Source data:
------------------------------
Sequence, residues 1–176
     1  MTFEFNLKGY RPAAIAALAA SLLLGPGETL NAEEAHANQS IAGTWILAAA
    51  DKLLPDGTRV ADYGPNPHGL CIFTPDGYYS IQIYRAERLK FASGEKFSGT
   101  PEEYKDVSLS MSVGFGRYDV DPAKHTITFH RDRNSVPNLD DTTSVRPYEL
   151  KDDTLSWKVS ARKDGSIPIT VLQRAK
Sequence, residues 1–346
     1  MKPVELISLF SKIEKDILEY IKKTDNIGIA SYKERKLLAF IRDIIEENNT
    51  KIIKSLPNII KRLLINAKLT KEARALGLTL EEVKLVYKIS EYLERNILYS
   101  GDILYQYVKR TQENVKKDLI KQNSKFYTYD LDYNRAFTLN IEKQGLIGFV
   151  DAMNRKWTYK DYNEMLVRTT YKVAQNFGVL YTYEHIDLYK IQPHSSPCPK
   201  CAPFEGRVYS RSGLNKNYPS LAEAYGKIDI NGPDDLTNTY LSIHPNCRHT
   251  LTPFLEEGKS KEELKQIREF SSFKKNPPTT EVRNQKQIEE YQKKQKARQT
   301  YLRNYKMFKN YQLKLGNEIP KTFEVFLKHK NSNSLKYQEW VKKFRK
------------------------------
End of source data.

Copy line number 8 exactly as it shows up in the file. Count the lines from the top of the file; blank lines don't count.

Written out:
    51  KIIKSLPNII KRLLINAKLT KEARALGLTL EEVKLVYKIS EYLERNILYS